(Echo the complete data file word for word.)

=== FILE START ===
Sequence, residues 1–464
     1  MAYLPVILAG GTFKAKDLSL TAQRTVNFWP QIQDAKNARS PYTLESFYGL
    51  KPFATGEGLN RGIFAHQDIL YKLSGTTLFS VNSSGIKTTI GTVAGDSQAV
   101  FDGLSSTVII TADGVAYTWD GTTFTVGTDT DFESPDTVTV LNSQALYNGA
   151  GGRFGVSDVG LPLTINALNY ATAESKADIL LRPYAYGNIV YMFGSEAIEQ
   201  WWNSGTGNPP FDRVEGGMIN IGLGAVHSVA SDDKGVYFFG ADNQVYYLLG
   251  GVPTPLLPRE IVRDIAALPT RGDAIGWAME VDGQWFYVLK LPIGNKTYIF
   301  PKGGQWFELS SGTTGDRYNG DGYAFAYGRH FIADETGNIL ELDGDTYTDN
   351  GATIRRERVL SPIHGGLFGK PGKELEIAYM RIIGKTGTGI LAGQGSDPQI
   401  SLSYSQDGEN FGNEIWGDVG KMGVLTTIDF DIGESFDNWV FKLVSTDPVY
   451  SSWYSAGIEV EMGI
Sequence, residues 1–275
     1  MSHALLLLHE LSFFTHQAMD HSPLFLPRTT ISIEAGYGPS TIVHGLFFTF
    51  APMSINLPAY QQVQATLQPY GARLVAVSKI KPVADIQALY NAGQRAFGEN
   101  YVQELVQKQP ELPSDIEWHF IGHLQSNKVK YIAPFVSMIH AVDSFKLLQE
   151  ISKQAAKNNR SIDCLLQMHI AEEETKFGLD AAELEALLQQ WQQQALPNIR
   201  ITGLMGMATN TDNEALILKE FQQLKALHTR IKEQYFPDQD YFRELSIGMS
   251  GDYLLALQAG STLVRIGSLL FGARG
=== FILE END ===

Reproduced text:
Sequence, residues 1–464
     1  MAYLPVILAG GTFKAKDLSL TAQRTVNFWP QIQDAKNARS PYTLESFYGL
    51  KPFATGEGLN RGIFAHQDIL YKLSGTTLFS VNSSGIKTTI GTVAGDSQAV
   101  FDGLSSTVII TADGVAYTWD GTTFTVGTDT DFESPDTVTV LNSQALYNGA
   151  GGRFGVSDVG LPLTINALNY ATAESKADIL LRPYAYGNIV YMFGSEAIEQ
   201  WWNSGTGNPP FDRVEGGMIN IGLGAVHSVA SDDKGVYFFG ADNQVYYLLG
   251  GVPTPLLPRE IVRDIAALPT RGDAIGWAME VDGQWFYVLK LPIGNKTYIF
   301  PKGGQWFELS SGTTGDRYNG DGYAFAYGRH FIADETGNIL ELDGDTYTDN
   351  GATIRRERVL SPIHGGLFGK PGKELEIAYM RIIGKTGTGI LAGQGSDPQI
   401  SLSYSQDGEN FGNEIWGDVG KMGVLTTIDF DIGESFDNWV FKLVSTDPVY
   451  SSWYSAGIEV EMGI
Sequence, residues 1–275
     1  MSHALLLLHE LSFFTHQAMD HSPLFLPRTT ISIEAGYGPS TIVHGLFFTF
    51  APMSINLPAY QQVQATLQPY GARLVAVSKI KPVADIQALY NAGQRAFGEN
   101  YVQELVQKQP ELPSDIEWHF IGHLQSNKVK YIAPFVSMIH AVDSFKLLQE
   151  ISKQAAKNNR SIDCLLQMHI AEEETKFGLD AAELEALLQQ WQQQALPNIR
   201  ITGLMGMATN TDNEALILKE FQQLKALHTR IKEQYFPDQD YFRELSIGMS
   251  GDYLLALQAG STLVRIGSLL FGARG